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Workplace Training for the Over 50s Coventry

Demographic trends are increasingly creating a shortage of younger skilled workers - a situation which is forecast to worsen over the next decade. This means that investing in training, developing, and re-skilling older workers needs to become a priority for employers, for whom, as this article demonstrates, there is much to be gained in terms of increased older worker productivity, commitment and engagement.

Coventry University
(247) 688-7688
Priory St
Coventry
 
ACT Recruitment & Training
024 7767 9036
127 New Union Street
Coventry
 
The Extra Mile Group Ltd
07790 642757
16, Warwick Street
Coventry
 
Mark Williams Associates
024 7660 4082
17, Ashcroft Close
Coventry
 
Simplicity
01676 535232
Hodgetts Lane, Berkswell
Coventry
 
Pitman Training Centre
02476 226969
145-147, New Union Street
Coventry
 
JBC Training Ltd
024 7671 9720
66-70, Earlsdon St
Coventry
 
Countrywide Training Services Ltd
024 7667 7660
30, Kimble Close
Coventry
 
University of Warwick
(247) 652-3523
University of Warwick
Coventry
 
Sequallity Limited
024 7679 6550
EPG2, Eliot Park Innovation Centre,
Nuneaton
 

Workplace Training for the Over 50s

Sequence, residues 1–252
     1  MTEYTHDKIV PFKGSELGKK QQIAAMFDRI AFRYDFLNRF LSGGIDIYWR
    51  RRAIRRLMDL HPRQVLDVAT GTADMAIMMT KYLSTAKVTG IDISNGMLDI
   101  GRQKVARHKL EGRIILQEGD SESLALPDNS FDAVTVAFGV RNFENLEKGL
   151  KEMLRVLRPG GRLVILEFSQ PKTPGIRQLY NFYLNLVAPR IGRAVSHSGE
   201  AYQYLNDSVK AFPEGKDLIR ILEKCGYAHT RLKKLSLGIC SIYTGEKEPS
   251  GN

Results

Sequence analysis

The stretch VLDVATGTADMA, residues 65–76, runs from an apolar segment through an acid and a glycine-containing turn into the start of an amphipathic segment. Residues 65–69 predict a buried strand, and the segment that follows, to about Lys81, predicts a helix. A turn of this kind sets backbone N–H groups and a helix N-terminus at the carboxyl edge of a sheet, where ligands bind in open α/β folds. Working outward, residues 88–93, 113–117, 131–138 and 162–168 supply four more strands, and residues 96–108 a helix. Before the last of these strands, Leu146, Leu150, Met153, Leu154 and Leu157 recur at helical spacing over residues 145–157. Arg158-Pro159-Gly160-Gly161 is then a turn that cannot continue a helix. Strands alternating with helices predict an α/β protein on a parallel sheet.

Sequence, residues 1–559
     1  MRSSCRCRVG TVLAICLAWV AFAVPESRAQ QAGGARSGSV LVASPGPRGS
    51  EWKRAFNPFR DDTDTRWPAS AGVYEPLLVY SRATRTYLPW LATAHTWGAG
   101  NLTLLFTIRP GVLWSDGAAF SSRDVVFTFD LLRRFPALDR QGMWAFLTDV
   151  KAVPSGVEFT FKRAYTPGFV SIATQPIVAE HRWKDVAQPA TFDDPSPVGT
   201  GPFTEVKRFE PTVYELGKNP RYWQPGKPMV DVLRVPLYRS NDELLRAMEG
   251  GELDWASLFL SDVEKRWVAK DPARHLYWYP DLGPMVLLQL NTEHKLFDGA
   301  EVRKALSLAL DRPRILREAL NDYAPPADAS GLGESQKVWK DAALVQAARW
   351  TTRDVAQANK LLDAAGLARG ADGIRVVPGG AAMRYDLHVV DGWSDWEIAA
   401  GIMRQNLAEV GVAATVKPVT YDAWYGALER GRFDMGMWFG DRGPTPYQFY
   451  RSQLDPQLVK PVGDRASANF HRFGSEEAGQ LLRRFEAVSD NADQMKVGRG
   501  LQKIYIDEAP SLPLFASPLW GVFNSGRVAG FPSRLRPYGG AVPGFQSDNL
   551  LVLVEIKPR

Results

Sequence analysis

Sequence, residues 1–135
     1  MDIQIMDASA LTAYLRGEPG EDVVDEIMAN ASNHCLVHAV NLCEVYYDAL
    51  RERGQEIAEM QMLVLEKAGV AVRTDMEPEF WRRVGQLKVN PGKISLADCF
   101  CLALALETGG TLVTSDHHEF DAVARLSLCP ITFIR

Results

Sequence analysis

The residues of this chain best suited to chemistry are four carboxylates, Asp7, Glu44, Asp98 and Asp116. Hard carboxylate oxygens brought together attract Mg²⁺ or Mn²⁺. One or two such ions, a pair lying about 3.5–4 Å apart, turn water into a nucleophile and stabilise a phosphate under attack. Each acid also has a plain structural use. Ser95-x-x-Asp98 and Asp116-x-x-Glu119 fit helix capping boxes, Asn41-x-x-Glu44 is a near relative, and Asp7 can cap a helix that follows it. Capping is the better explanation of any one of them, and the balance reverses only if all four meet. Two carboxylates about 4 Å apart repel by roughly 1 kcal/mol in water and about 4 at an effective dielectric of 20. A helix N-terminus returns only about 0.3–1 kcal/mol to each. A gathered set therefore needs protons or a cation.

Research shows that skilled and engaged older workers are truly workplace ‘champions’ in terms of their productivity, commitment, and reliability. However many organisations and older employees themselves fail to recognise the need to maintain training and the acquisition of new skills once an individual is aged 50 or over. Businesses which do train their older workers report a number of large scale benefits including:  improved staff retention rates  higher morale  higher productivity  fewer short-term absences  a better public image  access to a wider customer base and  retention of a wider range of skills and experience So, there’s plenty to be gained for employers and older workers alike. First steps Meaningful training and development and the identification of the business and individual benefits to be gained from training older workers should start with an effective performance management system, including rigorous review and appraisal practices. In broad terms, this means focusing on:  Assessing the skills and knowledge required of the workforce regardless of age, seniority, and status. Ultimately this may involve developing individuals and teams that operate outside of traditional ‘departmental’ boundaries and the implementation of age neutral policies.  Adopting a strategic, organisation wide approach to the management and development of a flexible and diverse workforce, including their transition to retirement, which may take place over many years.  Drafting robust and appropriate contracts of employment that enable the incorporation of individual working practices whilst ensuring all employees adhere to fair and non-discriminatory standards and support the values of the business.  Adopting proactive communication systems. Individual employees need to be challenged to be open about their needs and intents for their final working years so that, with their employers, they can create an appropriately flexible working life.  Measuring outputs against targets, regularly, fairly and objectively, on a group and individual basis. What type of development and why? A large number of variables must be taken into account when deciding what type of development opportunities to provide. These are just some:  Skills or development? Depending on work type, training may be mandatory or optional and involve consistency or change, i.e. is the individual being trained in order to maintain or increase existing skills, or to diversify into an entirely new area? Always develop the best person for the job regardless of age.  Formal or informal learning? Older workers tend to have fewer formal qualifications than younger individuals and may not have spent as much time in formal learning environments. They may have a misconception of ‘training’ as prescriptive ‘chalk and talk’ and may balk at the idea of being taught by those they feel lack experience. Consider blended learning including on the job training, work shadowing, mentoring, and online learning.  Training or coaching? – particularly in a situation where fairly dramatic attitudinal change is required, one to one coaching can be of enormous benefit in helping individuals identify internal barriers to progress, as well as providing improved motivation.  Work or retirement-related? Most training and development will relate to the skills required by an individual in the workplace, but very valuable support can be provided by employers in the form of pre-retirement planning sessions. Traditionally these have focused heavily on financial planning, and possibly health. Now the emphasis should be on whole-life planning for the remainder of one’s life starting with relatively young employees and helping them to achieve work-life balance, financial security, and appropriate career development. Rules for success Many of the issues associated with developing the over 50s are, when analysed, no different from those relating to training provision in general, though these tend to be some of the most common:  Deal with the why – preclude any resistance by discussing with individuals at an early stage how they – and the organisation – will benefit from their development and how it relates to the bigger picture.  Thoroughly brief trainers and facilitators about specific challenges concerning the group and individuals they’re going to be dealing with. For example, they may need to override communication and perception barriers in a diverse age group through mixing ages and setting special exercises.  Tell less, ask more. As with all training, don’t assume! Asking individuals about their opinions, experiences and even prejudices and really listening to what they have to say is the most effective way of identifying and overcoming any barriers.  Continuous learning. Ensure that ‘training’ is an ongoing process rather than a one-off event. Challenge individuals to apply what they have learnt, using it to train or mentor less advanced individuals. Recognise achievement and progress; the more that people feel that training is a privilege, not a punishment, the more committed they will be. Click here to read more from in my prime about training and developing older workers.